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# Lesson 57: Pascal's Principle (AP Only)

## Imagine that you have a container of fluid.

From what we've learned so far, we know that the pressure the fluid exerts on the sides of the
container is the same everywhere.
If they were not, the fluid would no longer be static.
Now we exert a force somewhere on the outside of the container. What can we expect will
happen to the pressure inside the container
Well, for starters, it makes sense to say that the pressure will increase.
!he important part is that, according to Pascal's Principle, the pressure will increase
everywhere in the fluid, not "ust where you are applying the force.
Application of Pascal's Principle
#robably the most easily understood example of #ascal's principle at work is when a hydraulic lift \$like
in a mechanics garage% lifts up a large mass.
&n one side we have a small cylinder \$filled with an
incompressible li'uid% with a piston. !his is where we will
exert a force downwards.
P=
F
(
A
(
!his is connected by a pipe to another, larger cylinder, with a large piston, where the large
mass will be lifted by a force upwards.
P=
F
)
A
)
*ccording to #ascal's
principle, the change on
both sides must be the
same.
If +# is the same,
then we can
combine the two
formulas from
above into one
e'uation...
P= P
F
(
A
(
=
F
)
A
)
(,)-,)../ 0 studyphysics.ca #age ( of ) , 1ection 2.(
We don't care what the original
pressure was in the cylinder, only
that the force we are exerting now
causes a change in pressure.
Illustration 1: A hydraulic lift works according to Pascal's principle.
Large Cylinder
F
1
A
1
fluid flow
F
2
A
2
Sall
Cylinder
1ince *
)
3 *
(
, then F
)
3 F
(
for the two sides to be e'ual. !his "ust means that we can exert a
small force on the small piston and get a bigger force on the big piston.
4oes this sound like getting something for nothing It isn't, if you keep a few ideas in mind.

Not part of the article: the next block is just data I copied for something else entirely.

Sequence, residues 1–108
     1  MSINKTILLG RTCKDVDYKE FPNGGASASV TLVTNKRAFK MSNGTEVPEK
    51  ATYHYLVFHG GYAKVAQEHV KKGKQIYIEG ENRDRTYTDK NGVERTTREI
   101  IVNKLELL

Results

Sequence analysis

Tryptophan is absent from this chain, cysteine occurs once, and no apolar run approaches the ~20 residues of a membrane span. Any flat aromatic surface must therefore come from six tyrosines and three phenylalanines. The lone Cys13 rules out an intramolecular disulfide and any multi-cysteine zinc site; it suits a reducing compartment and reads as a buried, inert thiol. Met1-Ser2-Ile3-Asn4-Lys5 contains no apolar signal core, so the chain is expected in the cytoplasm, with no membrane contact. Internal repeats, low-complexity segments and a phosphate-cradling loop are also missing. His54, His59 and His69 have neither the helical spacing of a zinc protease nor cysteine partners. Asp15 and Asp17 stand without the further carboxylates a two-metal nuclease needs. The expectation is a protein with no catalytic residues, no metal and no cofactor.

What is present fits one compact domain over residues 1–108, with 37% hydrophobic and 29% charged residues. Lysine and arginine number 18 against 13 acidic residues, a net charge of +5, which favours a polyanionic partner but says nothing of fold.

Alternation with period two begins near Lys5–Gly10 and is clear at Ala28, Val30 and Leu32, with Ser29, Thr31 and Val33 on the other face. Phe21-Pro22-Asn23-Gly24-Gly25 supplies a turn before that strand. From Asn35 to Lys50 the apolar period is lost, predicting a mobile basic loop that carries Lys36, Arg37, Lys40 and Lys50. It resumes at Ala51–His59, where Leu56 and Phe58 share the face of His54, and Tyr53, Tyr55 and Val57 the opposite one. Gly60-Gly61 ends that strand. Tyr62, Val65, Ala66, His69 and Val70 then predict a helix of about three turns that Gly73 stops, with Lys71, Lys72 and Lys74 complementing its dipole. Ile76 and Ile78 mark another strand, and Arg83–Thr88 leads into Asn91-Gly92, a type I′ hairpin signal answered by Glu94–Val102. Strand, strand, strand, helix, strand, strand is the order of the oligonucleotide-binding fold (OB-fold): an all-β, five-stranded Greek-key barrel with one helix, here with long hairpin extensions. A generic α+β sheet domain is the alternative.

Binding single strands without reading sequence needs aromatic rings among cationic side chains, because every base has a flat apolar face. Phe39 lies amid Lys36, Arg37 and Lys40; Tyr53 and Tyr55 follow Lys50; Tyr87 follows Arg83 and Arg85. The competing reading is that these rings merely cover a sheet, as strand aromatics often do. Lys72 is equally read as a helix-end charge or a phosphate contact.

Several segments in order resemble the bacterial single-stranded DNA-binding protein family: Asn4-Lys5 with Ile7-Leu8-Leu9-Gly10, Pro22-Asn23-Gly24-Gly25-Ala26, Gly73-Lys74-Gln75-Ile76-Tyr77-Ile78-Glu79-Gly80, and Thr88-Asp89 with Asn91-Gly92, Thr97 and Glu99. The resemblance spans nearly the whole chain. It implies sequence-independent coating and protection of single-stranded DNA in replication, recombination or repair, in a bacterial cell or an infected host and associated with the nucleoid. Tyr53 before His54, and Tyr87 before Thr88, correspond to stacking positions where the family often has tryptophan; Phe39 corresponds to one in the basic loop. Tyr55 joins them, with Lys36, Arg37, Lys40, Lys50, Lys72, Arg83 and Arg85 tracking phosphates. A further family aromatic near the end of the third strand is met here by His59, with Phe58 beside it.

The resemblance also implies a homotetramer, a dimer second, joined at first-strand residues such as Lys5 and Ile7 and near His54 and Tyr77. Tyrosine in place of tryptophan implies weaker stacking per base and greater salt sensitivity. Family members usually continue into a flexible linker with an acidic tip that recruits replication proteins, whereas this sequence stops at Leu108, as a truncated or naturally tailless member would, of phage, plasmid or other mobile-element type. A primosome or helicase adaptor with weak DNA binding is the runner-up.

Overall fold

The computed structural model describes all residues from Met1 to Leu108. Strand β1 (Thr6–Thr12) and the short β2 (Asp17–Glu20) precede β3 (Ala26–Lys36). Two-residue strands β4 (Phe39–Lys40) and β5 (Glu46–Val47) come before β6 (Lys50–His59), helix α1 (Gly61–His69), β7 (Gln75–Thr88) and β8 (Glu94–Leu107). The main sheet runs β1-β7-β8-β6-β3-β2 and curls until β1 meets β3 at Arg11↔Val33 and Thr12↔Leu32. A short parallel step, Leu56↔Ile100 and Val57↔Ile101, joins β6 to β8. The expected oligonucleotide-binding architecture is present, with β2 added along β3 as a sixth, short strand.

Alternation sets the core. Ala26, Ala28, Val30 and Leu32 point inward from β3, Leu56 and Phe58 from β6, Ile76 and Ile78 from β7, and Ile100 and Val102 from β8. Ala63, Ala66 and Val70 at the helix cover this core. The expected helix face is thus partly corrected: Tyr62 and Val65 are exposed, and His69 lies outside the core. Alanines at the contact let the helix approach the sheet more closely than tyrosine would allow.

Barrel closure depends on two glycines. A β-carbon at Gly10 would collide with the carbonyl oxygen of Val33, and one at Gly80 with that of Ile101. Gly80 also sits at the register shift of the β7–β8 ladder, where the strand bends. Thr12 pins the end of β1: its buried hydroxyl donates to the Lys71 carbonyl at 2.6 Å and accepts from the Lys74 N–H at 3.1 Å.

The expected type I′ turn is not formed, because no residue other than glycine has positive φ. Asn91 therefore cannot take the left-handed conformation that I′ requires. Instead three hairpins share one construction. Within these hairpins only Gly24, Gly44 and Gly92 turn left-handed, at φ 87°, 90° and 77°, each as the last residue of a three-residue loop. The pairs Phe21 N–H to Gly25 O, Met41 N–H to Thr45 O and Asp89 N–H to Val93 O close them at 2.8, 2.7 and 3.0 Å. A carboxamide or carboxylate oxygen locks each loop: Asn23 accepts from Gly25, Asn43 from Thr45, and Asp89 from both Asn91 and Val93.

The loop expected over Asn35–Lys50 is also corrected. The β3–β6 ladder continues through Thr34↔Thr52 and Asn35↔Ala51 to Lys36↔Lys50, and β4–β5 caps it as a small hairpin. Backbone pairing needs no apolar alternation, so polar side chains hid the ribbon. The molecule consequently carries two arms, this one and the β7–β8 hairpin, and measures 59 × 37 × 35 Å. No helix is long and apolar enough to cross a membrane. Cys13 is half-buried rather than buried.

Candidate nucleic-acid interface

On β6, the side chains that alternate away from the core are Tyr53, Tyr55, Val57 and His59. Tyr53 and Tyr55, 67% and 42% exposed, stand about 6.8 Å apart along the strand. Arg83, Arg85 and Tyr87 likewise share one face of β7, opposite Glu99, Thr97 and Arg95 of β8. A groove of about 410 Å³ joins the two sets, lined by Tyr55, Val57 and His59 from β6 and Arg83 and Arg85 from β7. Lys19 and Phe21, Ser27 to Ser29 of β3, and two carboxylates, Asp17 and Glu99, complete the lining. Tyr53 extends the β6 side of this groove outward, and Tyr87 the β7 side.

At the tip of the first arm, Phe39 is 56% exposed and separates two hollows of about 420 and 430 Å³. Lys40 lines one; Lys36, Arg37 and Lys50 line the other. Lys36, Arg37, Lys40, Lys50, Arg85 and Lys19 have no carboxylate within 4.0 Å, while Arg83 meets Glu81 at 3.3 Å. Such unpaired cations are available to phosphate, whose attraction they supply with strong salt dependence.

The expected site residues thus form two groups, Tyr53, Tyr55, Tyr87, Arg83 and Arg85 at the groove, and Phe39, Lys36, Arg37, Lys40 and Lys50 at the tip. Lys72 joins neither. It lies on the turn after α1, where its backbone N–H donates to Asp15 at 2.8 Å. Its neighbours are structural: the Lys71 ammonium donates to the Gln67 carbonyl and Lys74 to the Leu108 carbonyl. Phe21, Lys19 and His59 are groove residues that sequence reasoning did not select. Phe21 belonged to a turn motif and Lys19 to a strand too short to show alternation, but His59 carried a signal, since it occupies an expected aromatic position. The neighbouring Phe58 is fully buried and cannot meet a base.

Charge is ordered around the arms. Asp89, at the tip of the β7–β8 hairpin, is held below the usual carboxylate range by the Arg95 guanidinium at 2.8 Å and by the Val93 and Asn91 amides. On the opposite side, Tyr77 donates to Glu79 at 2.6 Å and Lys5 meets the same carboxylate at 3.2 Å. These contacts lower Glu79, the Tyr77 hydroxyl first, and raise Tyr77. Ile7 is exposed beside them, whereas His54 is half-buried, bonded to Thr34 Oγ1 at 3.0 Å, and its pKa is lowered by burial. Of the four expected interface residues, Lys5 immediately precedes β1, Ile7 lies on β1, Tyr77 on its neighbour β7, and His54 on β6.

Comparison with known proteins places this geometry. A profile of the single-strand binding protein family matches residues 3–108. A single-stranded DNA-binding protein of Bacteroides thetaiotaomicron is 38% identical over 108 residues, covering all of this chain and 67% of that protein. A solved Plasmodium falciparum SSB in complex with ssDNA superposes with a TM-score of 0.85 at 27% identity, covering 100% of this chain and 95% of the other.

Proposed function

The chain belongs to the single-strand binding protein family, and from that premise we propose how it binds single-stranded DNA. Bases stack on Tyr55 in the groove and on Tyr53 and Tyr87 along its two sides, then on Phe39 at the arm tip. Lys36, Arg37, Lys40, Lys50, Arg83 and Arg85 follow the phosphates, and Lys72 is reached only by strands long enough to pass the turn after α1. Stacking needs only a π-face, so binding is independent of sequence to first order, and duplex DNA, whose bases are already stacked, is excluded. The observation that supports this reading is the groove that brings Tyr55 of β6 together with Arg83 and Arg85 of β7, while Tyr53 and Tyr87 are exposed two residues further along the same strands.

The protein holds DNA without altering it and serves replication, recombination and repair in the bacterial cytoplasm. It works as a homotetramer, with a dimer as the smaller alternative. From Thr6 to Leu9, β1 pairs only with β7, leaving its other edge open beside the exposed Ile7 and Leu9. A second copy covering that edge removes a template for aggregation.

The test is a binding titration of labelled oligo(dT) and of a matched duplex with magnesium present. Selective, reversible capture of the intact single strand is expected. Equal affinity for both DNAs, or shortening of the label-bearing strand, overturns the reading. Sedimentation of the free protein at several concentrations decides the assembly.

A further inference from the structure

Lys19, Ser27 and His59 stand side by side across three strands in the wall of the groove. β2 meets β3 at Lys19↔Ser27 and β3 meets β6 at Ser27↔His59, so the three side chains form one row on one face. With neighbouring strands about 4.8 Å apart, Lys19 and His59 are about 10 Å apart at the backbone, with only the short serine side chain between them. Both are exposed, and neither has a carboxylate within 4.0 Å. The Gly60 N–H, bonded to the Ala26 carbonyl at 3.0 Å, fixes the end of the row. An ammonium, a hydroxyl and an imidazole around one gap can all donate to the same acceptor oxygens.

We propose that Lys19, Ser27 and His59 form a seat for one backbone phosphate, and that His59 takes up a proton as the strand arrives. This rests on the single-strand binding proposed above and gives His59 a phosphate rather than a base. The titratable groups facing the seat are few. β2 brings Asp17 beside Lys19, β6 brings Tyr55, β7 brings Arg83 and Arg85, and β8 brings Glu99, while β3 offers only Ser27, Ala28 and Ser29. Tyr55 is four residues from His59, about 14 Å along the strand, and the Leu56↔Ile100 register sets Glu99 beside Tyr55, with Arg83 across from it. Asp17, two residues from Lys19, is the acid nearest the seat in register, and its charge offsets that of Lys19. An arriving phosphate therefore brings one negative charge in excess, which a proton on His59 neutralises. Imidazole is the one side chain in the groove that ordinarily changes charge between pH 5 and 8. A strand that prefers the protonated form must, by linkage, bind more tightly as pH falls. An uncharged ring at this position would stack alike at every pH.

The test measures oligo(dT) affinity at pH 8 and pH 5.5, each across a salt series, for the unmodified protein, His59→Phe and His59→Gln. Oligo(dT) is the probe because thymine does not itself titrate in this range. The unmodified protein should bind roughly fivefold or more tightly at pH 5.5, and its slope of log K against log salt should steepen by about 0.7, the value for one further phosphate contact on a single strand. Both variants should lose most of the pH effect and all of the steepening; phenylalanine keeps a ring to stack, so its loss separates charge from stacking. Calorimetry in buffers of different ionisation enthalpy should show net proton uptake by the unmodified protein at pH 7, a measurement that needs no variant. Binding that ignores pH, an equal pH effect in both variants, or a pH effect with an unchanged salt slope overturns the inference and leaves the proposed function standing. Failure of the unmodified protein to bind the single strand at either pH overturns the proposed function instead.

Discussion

First of all, even though we only push the small piston with a small force, we have to push it a
big distance down. &n the other side the large piston has a large force up, but it only moves a
small distance up.
!his is because we are moving a constant volume of fluid \$it is incompressible, remember%.
!his can be calculated for either side...
5 6 *
(
d
(
5 6 *
)
d
)

*
(
d
(
6 *
)
d
)

7oth of these sides are e'ual, so we can multiply a formula by either side and not change
anything...
F
(
A
(
=
F
)
A
)
F
(
A
(
A
(
d
(
=
F
)
A
)
A
)
d
)

F
(
d
(
=F
)
d
)
W
(
=W
)
!his shows that the work done is the same on both pistons. 8onservation of energy is ok,
since we haven't created or destroyed any energy.
Example 19 I want to build a hydraulic press to be able to s'uee:e all my gold bars down to thin gold
disks. !he small piston has an radius of (.. cm and I will be able to exert a force of (;. N on it. If the
large piston has a radius of (. cm determine the force against the gold bars.
F
(
A
(
=
F
)
A
)
F
(
r
(
)
=
F
)
r
)
)
F
(
r
(
)
=
F
)
r
)
)
(;.
...(.
)
=
F
)
..(.
)
F
)
=(.;e< N
Homework
p.2;< =2), 2<
(,)-,)../ 0 studyphysics.ca #age ) of ) , 1ection 2.(
!f ! ha"e a forula li#e \$x % 1& ! can
ultiply 'oth sides 'y 2 and get 1&x % 2&
and not really change anything. Sae
idea here( fro a'o"e we #now that Ad
calculated using either pair of nu'ers is
the sae, so if ! ultiply using A
1
d
1
or
A
2
d
2
, it's really the sae thing.
We can cancel pi on 'oth sides.